Can the 2012 Oakland City Council lead, govern, and keep Oakland out of bankruptcy?

It’s hard to track down all of the various pots of public funding that the zoo caches, but the most difficult task of all is to pierce the financial veil of the City of Oakland’s own subsidies to the zoo. Nowhere is this more apparent than in our attempt to find out accurate information about how millions in City funding will be used for the zoo’s expansion project into Knowland Park. Oakland City Council members and Mayor Quan have blatantly refused to answer questions regarding zoo funding when asked in public budget hearings. Their oft-repeated response is “It’s a done deal.” Really.

Now it seems that the proposed ballot measure may be a way to open a new spigot of public funds to help pay for the $72 million expansion since, according to the Oakland Tribune (5/9/12), “the zoo could include other projects [to fund] as long as they are consistent with the general categories listed in the expenditure plan [of the tax measure].” Since the theme park expansion plan is billed as both a conservation and education exhibit, there appears to be nothing to stop the zoo from using those funds if the measure passed. So much for the notion of “a done deal.”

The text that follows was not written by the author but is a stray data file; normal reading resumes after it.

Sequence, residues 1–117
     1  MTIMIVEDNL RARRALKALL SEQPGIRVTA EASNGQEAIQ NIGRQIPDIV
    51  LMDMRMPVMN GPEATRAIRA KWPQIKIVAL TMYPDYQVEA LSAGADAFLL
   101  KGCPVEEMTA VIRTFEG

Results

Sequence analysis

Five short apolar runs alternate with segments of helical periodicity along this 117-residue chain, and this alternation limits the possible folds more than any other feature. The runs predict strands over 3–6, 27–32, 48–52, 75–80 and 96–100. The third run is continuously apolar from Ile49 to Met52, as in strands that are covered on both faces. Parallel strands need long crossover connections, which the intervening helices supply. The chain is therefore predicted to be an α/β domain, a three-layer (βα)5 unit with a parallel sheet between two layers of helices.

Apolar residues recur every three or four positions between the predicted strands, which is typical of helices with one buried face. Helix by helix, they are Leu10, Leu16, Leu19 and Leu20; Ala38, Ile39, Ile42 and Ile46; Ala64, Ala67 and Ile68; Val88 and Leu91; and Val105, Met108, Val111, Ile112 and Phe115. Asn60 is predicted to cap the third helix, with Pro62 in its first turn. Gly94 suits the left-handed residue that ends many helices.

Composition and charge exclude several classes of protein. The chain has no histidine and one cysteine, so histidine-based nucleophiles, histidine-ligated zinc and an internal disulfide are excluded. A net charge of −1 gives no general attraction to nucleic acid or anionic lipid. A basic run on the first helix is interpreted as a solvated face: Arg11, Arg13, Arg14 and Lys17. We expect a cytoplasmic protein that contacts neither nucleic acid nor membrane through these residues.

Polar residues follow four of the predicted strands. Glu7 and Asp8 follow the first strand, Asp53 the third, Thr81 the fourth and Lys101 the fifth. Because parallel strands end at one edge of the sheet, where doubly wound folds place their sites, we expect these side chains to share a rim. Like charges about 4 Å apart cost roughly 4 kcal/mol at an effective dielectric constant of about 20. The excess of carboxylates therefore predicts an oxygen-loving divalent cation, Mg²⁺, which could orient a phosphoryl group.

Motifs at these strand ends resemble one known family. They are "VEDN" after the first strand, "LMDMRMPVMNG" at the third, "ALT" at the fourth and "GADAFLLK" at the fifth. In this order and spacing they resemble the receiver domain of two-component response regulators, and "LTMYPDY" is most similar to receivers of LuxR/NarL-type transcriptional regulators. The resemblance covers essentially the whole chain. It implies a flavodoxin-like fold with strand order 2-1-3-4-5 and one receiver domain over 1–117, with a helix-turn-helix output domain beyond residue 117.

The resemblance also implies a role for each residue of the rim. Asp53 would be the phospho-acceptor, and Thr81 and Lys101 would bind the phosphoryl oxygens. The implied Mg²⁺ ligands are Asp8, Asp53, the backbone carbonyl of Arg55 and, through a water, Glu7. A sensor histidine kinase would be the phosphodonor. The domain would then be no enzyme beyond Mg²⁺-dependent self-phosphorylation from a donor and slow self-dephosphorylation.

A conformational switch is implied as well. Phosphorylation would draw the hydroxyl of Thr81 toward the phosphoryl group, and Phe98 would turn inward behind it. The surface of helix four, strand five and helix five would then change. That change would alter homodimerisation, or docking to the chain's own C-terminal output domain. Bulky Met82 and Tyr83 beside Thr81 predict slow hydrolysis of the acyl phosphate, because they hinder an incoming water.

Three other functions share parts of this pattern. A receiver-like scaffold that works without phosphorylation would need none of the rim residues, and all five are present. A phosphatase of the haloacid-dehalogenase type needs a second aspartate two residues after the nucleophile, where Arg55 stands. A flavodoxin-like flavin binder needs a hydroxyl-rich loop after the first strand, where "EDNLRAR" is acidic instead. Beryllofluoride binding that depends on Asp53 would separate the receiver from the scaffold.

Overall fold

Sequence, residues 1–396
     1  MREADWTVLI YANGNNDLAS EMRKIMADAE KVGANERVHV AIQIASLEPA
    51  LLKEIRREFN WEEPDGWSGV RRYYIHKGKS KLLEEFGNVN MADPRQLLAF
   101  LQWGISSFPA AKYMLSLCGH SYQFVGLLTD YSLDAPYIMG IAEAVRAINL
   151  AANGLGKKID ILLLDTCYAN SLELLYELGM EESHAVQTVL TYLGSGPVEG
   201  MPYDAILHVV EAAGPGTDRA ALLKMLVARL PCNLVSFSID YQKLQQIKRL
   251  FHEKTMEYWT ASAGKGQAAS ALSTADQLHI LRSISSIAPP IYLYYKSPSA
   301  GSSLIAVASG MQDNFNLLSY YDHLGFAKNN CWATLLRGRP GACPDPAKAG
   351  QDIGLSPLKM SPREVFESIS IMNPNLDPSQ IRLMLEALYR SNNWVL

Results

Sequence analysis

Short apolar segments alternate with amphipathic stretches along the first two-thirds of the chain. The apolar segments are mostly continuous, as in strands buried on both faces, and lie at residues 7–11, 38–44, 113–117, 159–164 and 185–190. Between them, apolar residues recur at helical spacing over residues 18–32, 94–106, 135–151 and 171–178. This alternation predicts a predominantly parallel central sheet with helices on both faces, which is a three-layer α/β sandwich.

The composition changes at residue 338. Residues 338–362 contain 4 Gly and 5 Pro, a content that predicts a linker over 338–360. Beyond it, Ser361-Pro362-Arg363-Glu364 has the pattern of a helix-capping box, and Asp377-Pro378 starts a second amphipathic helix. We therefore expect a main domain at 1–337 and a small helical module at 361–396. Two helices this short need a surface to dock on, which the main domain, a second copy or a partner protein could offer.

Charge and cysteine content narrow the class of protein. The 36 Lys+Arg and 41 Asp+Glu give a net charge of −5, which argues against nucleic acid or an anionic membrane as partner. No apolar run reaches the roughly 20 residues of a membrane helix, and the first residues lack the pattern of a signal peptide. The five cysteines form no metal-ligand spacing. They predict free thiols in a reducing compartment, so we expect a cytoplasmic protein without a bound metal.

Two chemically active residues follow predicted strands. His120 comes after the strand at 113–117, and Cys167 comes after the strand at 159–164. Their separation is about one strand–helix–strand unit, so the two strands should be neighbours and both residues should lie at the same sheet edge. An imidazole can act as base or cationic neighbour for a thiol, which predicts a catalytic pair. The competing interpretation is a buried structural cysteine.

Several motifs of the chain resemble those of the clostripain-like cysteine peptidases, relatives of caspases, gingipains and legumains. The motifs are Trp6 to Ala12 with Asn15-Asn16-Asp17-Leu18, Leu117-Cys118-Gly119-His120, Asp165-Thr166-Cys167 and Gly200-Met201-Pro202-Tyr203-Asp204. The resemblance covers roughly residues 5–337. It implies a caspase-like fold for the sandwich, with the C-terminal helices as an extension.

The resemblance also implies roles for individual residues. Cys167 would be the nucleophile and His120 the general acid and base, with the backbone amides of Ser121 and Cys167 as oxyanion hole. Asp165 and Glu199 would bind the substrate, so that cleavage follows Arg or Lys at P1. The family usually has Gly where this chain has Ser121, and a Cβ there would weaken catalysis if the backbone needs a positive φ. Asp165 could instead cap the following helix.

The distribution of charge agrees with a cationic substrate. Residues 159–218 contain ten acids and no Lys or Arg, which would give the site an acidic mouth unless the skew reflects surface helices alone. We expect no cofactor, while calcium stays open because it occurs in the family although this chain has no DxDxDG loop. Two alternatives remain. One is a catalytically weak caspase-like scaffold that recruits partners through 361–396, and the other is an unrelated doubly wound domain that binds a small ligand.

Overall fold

We have discussed various aspects of zoo funding in previous posts. (“Oakland debt will be raised with zoo’s new multi-million dollar aerial gondola” and “The public will be tapped to pay for zoo expansion“) Our city is teetering on the edge of bankruptcy. We will continue to post information and questions about public funding to the zoo. As we do so, we encourage you, the public, to pose these and your own questions in writing to your elected officials with requests to receive responses in writing. Our questions this week are:

The press reports that the ballot measure includes a provision that specifies that the funds could be used in part to pay attorney fees to squash challenges to the measure itself. Why would it be in the public interest to approve something that could be used to help fight legitimate voter challenges to a zoo public subsidy?